“I WAS BORN in Mauritius and lived there until I was 12 years old. I lived on a sugar cane property, so we had a lot of space and spent a lot of time outside. My dad was a very keen cyclist who rode for Mauritius. He was keen for us to be involved in sports from an early age and was very aware of the importance of a healthy lifestyle and keeping active.“The biggest challenge in coming to Australia was the language barrier after speaking French back in Mauritius. It took a good three or four years to adapt. There wasn’t much time for sporting activities; it was just go to school, come home, do your homework. “In years 11 and 12, I started to believe that Australia was the right place for me and I started to really gain confidence in myself. Language was no longer an issue, I had a good circle of friends and that’s when I started to get back into sports, mainly athletics. I was a sprinter – my best time for the 100m is 10.5 seconds – but the year I was training for the Stawell Gift I got stress issues through the shins and had to give up competing.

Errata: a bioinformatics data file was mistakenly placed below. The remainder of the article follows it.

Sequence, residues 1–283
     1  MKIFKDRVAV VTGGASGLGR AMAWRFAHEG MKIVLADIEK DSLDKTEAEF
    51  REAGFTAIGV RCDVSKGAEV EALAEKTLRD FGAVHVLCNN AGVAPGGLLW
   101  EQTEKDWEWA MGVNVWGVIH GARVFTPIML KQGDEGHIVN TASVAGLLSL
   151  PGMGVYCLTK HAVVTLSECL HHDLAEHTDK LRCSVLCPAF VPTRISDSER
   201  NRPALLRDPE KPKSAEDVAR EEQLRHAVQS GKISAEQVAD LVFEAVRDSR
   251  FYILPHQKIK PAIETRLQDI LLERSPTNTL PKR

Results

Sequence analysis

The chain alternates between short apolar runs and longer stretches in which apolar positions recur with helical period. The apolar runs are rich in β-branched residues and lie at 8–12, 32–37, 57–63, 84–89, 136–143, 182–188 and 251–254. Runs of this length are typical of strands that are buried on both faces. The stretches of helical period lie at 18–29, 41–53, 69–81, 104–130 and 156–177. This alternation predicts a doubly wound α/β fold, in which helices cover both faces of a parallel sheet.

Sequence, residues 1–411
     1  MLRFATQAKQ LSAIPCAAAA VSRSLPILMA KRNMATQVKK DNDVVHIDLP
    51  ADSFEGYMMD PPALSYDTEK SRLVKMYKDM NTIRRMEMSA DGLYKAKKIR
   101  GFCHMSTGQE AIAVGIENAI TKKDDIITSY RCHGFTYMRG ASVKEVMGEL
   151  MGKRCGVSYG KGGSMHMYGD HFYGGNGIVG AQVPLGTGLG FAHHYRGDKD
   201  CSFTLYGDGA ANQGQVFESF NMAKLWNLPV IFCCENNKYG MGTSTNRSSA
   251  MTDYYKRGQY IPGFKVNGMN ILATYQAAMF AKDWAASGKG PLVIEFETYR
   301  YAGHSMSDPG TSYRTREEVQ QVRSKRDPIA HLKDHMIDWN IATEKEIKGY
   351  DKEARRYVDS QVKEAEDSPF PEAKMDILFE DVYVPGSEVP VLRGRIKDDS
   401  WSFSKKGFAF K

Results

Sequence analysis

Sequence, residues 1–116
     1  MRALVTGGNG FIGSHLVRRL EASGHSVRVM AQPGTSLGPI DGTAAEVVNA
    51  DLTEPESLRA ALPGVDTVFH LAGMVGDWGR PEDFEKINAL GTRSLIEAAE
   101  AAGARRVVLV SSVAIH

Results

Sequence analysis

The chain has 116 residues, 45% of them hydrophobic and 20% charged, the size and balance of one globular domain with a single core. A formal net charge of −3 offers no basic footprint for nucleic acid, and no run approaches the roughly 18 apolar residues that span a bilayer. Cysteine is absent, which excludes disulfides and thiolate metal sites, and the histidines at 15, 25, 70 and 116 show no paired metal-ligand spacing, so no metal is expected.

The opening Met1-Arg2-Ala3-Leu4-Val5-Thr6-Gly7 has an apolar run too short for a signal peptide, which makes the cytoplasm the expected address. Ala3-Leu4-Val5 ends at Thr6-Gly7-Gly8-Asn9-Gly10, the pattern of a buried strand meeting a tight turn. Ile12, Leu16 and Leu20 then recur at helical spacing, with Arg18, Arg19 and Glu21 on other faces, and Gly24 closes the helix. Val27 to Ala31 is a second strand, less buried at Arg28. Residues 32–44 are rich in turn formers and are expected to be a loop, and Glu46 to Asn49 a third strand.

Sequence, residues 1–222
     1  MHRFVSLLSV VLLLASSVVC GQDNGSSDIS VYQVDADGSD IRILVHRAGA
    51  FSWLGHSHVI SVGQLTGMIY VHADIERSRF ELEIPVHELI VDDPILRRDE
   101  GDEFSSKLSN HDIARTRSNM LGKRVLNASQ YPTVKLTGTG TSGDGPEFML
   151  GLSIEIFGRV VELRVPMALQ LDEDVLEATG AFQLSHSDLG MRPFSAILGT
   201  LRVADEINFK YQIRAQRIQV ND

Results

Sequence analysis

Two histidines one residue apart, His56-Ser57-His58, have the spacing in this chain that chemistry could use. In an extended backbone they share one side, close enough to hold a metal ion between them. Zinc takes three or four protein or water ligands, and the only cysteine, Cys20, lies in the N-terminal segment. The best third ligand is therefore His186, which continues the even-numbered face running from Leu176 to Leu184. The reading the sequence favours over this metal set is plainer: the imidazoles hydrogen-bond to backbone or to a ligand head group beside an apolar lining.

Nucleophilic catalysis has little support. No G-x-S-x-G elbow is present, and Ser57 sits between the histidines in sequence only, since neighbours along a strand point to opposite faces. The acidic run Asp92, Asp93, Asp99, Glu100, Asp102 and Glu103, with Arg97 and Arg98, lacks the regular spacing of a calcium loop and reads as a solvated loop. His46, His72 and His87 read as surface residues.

“I met my wife at school when we were 16. We were fortunate enough that we were like-minded in the way we wanted our lives to turn out – we wanted to start the whole family thing early. So I got married at 23 and had my first child eight months later. It blew my mind. If anything shifted my focus from just getting by to really grabbing life, that was it. “I wake up at 5am every day. I have a small room set up at the back of the house with a bench, bar, dumbbells, a medicine ball, Swiss ball and a chin-up bar. I do a circuit routine five mornings a week for 30-40 minutes. On other days I’ll go for a run or do sprints in the park.
“I see the time I have with the kids as key. My eldest two play basketball, so I’ve decided to coach their teams. It’s just to force the behaviour because you can easily lose that time with them because of work commitments and everything else you’ve got going on in life. “I think my lifestyle now goes back to the way I grew up. It’s not over-engineered, it’s real simple. I would say the key is consistency.”